Fitness First: Stay Fit to Keep Driving Safely

By Friends & Neighbors December 15, 2013 10:04

Krista-Howell-fitness-column-winter2012-199x300[1]Our rural foothill communities are great places to live – for safe drivers, that is.

Driving helps you stay independent. But illness, injury and age-related changes can reduce muscle strength, endurance, flexibility and joint stability – all vital to your ability to safely steer, monitor oncoming traffic, brake, park and more.

The single biggest error senior drivers make? “Not looking over the shoulder for approaching traffic,” a retired CHP officer told me.

He’s right: Research shows that drivers over 50 have less range of motion in the neck. Other factors come into play behind the wheel, including body strength, vision, reflexes, mental acuity and more.

The Insurance Institute for Highway Safety identifies failure to yield the right-of-way as the most common error by seniors involved in crashes.

“Reasons for older drivers’ failure-to-yield crashes varied with age,” the IIHS reports. “Compared with younger and older drivers, drivers 70-80 were more likely to see another vehicle but misjudge whether there was time to proceed. Drivers 80 and older predominantly failed to see the other vehicle.”

Statistically, physically fit seniors are safer drivers, according to the AAA Foundation for Traffic Safety Research. Exercise helps us keep that strength and flexibility. Good flexibility also helps improve posture and prevent fatigue while driving.

If you’re not exercising regularly, think carefully about the benefits. Putting in the time and effort now may quite literally help you down the road. It’s guaranteed to help maintain or improve your fitness level, and lets you feel more confident whether driving around town or going long distances.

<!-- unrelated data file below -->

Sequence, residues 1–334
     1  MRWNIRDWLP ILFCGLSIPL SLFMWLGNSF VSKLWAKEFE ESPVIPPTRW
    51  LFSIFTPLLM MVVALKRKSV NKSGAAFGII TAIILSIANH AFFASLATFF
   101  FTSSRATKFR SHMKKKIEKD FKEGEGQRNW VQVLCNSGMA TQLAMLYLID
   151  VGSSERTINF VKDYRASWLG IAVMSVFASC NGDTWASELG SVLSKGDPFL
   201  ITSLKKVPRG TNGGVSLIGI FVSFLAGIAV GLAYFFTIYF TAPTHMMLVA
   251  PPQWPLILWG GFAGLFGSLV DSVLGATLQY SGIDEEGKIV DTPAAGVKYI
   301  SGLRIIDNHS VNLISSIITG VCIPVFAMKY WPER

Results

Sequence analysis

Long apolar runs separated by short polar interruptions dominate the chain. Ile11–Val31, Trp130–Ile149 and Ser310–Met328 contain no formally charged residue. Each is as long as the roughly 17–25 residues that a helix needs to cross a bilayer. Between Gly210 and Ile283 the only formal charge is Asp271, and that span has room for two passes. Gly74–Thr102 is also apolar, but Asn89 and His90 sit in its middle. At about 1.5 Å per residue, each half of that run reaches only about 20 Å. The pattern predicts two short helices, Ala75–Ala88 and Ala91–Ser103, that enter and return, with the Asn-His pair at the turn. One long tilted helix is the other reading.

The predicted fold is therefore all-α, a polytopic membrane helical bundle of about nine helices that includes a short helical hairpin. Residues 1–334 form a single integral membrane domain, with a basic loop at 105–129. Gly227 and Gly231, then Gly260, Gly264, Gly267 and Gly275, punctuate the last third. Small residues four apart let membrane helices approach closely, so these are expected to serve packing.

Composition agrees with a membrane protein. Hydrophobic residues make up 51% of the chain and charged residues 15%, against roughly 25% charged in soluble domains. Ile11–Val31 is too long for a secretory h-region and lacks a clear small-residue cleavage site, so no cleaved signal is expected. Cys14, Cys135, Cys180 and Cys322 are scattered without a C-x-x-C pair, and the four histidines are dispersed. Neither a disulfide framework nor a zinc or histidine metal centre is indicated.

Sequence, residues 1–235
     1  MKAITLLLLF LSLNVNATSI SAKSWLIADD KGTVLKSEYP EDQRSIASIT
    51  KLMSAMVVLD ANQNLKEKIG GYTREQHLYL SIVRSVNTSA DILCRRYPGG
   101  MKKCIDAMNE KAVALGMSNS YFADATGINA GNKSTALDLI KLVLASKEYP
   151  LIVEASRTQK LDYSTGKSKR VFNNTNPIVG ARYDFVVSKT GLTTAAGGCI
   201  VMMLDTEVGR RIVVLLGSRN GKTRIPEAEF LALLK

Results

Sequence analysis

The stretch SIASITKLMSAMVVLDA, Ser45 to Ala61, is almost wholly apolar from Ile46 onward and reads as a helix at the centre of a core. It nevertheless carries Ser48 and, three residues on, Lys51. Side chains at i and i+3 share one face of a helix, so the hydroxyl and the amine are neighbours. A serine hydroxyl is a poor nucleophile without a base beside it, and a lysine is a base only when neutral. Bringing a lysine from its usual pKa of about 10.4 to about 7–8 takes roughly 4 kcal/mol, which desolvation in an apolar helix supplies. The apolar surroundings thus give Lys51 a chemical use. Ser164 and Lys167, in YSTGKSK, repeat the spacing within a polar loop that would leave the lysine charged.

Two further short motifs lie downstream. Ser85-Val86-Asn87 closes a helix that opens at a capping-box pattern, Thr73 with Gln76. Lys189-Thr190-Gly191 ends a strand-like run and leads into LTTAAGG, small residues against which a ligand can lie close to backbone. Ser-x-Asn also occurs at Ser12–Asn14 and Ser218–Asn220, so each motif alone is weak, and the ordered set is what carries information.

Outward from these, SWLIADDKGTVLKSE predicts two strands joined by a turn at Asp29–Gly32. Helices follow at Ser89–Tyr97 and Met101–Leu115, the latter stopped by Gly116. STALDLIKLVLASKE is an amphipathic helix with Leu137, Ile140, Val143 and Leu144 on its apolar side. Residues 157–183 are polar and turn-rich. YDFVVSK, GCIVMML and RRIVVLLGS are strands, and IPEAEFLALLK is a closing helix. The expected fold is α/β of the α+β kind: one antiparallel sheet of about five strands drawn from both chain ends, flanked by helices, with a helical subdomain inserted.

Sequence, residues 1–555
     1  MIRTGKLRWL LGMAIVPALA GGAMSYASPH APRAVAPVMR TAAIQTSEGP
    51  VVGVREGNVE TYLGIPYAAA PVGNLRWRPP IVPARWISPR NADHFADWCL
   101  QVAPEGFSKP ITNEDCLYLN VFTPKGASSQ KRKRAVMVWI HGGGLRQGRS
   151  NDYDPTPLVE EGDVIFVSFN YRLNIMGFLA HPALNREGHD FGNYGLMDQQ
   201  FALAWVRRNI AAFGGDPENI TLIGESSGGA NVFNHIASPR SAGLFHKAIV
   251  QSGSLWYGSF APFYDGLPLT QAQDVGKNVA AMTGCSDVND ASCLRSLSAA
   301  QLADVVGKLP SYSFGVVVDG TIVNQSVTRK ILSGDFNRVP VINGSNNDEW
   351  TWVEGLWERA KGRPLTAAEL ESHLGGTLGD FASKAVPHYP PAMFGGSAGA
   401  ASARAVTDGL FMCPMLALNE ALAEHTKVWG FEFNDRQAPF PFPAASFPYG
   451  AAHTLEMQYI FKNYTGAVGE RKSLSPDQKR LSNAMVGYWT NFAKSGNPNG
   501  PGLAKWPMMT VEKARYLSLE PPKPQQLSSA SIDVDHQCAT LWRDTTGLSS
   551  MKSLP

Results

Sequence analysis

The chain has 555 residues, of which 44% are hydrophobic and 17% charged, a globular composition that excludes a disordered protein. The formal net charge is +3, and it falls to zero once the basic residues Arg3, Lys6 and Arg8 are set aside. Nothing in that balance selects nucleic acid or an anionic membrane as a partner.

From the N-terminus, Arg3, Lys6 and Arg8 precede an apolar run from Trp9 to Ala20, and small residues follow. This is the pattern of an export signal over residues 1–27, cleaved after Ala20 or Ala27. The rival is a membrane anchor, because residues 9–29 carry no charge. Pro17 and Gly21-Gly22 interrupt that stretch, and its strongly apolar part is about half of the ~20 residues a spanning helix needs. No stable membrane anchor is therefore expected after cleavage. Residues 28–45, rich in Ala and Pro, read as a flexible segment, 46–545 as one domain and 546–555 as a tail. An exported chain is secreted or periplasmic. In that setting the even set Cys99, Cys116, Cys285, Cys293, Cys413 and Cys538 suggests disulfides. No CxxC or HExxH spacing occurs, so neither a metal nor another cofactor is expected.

Krista’s Safe-Driver Fitness Program

Endurance: Walk, cycle or run 15-30 minutes daily.

Strength: Use resistive equipment such as dumbbells or bands. Repeat each exercise 30 times two to three days per week.

Bicep Curls: Grip weights or bands in hands with palms up and curl arms upward.

  • Shoulder Press: Press weights overhead.
  • Front Raise: Lift weights from hip with straight arm to shoulder height.
  • Squat: Place your feet shoulder-width apart, then slowly bend at the knee to strengthen legs.
  • Calf Raises: Raise up and down on your toes to strengthen calf muscles; hold onto a chair as needed. This is also a great balance exercise.

Flexibility: Stretch to improve circulation and range of motion. Hold each stretch for 15-30 seconds.

  • Neck Rotation: Slowly move your neck from side to side; pick a focal point to look at while you stretch – this exercises the eye muscles at the same time.
  • Trunk Rotation: Rotate your torso to the left and hold, and then repeat to the right; do this 10 times on each side.
  • Shoulder Squeeze: Pull shoulders up towards your ears and hold; pull your shoulders forward and hold, then back and hold; repeat 10 times each.
  • Hamstring Stretch: When we sit for long periods the back of our upper legs tighten. We usually think it’s our back that is sore, but often it is the hamstrings. Stretch the hamstring muscle by reaching for your toes (try not to bend your knees). Repeat 10 times.
  • Balance: Stand on one leg for 20 seconds, repeat with the other leg.

Now here’s my favorite tip for drivers: Adjust your rear-view mirror while you are sitting up straight, and don’t readjust it even during a long drive. As you get tired and start slumping, straighten up again. And on long trips, be sure to stop every couple of hours to walk around and stretch.

Krista Howell of Sonora works with cardiac patients and teaches senior fitness.

Copyright © 2013 Friends and Neighbors Magazine

By Friends & Neighbors December 15, 2013 10:04
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